Here’s another Flora Arduino based project from [Becky Stern]. It’s a backpack with brake lights and turn signals for use when motorcycling, but it should work just as well for bicyclists. From this view the project looks pretty normal, but things get downright crazy when she decided to use the WS2801 pixels for the LEDs. Sure they take all the work out of driving an array of LEDs, and they offer full color and dimming levels. But when you see the bulk of cabling and PCBs this adds to the project (shown in the video after the break) we think you’ll agree that this was an interesting choice.
That issue aside the project is a lot of fun. The system doesn’t patch into the motorcycle’s electronics. Instead, it uses an accelerometer to detect when the brakes are applied and light the LEDs according. The turn signals are switched with an RF remote control that can be mounted on the handlebars.
Anyone looking to hack outerwear with electronics can learn form the fabrication techniques used here. [Becky] details how to make holes in the bag and sew parts to them, as well as using Sugru to waterproof vulnerable components.
Continue reading “Brake Light Backpack overpowered with LED pixels”
[Michael] posted up-to-date GPS data sets in the GPX format. These data sets are an alternative to paid updates. Since GPX is a published standard which uses an XML style formatting for location data [Michael’s] time was spent getting the original sets and finding a way to translate them for his Garmin EXTREX GPS.
The original data comes from — hang on, this is a mouthful — the US Federal Aviation Administration’s Facility Aeronautical Data Distribution System (FADDS). He had to apply for permission to download it and to use it in producing a custom GPS build. He grabbed the Airport waypoints and navaid sets, then studied accompanying files detailing the data structure before writing his own Visual Basic 2010 program to spit out the GPX files. He says he wanted to make them available in the spirit of the Open Hardware/Software movement. This may be most interesting for pilots (the kind that put Nooks on the dashboard, not the kind who watch the aircraft from the ground), but we’re sure there’s a myriad of uses for non-pilots alike.
Plug in the power and Ethernet and this Raspberry Pi board will automatically collect Windows hashes from computers on the network. With a couple of RPi boards on hand [Travis] was searching for more hacks to try with them. This made a great little test to see how the board performs with the well established attack.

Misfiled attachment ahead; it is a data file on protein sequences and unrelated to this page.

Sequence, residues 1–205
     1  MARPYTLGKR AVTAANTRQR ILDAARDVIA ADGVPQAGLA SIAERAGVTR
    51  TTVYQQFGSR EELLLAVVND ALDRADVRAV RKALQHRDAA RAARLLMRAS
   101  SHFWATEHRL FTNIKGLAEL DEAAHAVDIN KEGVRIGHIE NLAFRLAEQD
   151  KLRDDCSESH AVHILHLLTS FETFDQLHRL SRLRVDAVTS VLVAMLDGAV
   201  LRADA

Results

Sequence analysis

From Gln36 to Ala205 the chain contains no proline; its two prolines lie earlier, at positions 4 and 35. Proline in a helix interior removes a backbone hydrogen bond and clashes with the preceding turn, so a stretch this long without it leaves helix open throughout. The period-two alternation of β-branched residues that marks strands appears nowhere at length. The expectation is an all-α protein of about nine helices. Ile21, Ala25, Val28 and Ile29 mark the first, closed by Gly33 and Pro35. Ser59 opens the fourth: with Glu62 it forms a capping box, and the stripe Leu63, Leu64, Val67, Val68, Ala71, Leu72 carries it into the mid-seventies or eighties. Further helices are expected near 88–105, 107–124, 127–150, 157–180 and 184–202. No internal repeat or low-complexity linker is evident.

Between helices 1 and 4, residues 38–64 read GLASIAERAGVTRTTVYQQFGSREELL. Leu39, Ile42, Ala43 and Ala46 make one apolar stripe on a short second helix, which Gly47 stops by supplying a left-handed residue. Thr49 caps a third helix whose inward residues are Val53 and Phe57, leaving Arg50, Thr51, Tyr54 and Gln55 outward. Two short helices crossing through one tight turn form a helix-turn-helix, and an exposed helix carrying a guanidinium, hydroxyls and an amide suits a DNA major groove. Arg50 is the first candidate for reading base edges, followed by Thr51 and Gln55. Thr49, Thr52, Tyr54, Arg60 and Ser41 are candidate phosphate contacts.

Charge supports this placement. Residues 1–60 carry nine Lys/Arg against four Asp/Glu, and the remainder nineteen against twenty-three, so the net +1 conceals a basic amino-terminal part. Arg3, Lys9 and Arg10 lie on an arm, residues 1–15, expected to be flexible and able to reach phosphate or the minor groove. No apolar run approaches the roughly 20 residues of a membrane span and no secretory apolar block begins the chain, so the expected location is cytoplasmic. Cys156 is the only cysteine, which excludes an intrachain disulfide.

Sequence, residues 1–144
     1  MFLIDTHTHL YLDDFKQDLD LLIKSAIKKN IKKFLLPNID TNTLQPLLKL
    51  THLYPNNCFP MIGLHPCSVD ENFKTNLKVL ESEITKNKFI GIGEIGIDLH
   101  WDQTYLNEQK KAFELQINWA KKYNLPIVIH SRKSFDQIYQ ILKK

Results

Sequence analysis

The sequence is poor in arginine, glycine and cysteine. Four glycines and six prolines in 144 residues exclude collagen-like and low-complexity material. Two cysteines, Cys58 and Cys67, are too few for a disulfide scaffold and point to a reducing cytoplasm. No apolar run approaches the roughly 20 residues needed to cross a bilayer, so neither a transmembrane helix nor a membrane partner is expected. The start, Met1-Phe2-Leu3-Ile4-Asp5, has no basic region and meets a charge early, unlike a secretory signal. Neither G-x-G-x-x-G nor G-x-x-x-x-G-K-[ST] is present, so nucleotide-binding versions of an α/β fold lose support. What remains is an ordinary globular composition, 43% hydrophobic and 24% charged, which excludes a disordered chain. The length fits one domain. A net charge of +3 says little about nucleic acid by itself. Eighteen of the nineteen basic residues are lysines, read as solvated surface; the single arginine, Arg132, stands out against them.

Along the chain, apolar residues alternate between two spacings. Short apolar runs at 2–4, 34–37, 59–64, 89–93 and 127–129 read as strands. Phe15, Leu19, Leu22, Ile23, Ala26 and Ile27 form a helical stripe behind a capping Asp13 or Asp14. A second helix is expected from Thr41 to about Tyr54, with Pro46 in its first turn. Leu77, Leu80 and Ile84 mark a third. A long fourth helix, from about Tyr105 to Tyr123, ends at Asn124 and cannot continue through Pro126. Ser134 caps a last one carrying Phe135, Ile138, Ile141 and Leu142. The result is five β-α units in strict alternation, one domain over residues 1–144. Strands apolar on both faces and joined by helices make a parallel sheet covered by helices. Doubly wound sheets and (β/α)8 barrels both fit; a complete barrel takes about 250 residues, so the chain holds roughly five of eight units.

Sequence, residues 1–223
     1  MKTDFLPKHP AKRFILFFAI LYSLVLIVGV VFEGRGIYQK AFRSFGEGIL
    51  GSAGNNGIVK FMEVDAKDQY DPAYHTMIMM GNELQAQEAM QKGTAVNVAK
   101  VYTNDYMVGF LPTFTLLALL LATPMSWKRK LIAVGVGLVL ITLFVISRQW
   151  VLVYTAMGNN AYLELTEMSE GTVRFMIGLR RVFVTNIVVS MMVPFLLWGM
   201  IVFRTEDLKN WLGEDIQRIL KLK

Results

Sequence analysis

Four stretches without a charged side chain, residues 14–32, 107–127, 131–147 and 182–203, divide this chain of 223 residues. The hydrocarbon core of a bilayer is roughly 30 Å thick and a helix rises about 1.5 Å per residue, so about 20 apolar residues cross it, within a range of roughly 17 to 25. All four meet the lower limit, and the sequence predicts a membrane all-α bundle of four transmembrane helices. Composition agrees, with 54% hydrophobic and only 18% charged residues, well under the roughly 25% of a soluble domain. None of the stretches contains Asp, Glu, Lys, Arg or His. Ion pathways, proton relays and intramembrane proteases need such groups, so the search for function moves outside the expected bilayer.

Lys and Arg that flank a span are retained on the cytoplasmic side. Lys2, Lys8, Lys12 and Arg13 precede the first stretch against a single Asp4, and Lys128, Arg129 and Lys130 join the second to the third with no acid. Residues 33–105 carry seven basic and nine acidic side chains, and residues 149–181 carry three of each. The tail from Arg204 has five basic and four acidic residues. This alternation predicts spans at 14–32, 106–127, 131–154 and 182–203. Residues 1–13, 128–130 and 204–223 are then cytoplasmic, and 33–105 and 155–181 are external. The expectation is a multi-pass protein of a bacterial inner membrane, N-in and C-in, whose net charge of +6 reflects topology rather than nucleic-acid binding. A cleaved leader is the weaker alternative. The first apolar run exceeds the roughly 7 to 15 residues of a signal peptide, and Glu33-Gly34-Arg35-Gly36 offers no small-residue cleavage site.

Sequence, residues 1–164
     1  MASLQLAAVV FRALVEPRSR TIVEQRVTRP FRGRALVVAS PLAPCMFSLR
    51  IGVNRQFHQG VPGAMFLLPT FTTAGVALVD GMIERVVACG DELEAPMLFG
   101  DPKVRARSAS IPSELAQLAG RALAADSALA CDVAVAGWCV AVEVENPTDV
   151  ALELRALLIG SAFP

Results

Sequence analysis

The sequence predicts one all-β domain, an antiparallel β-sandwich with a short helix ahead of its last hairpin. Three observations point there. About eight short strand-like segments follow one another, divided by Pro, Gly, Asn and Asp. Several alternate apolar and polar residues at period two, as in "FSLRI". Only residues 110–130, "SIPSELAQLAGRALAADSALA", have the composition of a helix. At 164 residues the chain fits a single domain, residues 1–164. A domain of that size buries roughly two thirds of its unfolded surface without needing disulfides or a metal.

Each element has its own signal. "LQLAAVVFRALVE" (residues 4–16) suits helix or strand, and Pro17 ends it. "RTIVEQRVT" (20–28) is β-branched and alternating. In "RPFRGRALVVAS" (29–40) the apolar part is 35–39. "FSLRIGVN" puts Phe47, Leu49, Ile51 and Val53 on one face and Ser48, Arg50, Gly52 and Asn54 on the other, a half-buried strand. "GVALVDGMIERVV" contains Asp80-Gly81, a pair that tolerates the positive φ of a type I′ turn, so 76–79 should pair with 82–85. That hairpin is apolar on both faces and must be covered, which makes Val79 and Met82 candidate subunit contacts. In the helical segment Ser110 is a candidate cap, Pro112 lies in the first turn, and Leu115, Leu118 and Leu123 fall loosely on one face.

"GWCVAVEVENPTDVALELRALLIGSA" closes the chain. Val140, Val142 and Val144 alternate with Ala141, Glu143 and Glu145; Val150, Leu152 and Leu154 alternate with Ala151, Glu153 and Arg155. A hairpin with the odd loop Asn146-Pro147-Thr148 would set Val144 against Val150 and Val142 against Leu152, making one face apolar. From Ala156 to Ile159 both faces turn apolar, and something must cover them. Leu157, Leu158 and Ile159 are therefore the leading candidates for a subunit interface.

To start he booted into the standard Raspbian distribution. From there he loads the Metasploit framework which brings most of the necessary tools into play. It uses the Web Proxy Auto-Discovery Protocol (WPAD) to request hashes from any Windows machines listening on the network. Some version of the OS respond with LM hashes, others don’t. The importance of this and the particulars of using rainbow tables to crack the hashes is explained in this article on the subject.
We wouldn’t mind having a little hardware hack that adds a couple of LEDs to the GPIO header so you know when the RPi is done collecting the data.
[D S] wanted his own head-mounted display. What you see here is just his mockup, but somewhere along the way he realized it’s closer to a finished build than just being a stating point. Not only does it work well for gaming, it came in at under $200 all in. You think your girlfriend makes fun of you now for wearing that big microphone headset while playing? Just wait until she gets a load of these!
We’ve embedded an image gallery after the break as well as the description he sent us with his email. The display itself is a 7″ LCD module from eBay that boasts a hair better than 720P resolution: 1280×800. He’s using a pair of ski goggles to strap the display to his noggin. The enclosure is made out of foam board which should help keep the weight down. Inside there’s a Fresnel lens but after reading his description of how he measured the focal length we’re still not 100% clear on how he figured out where to mount it.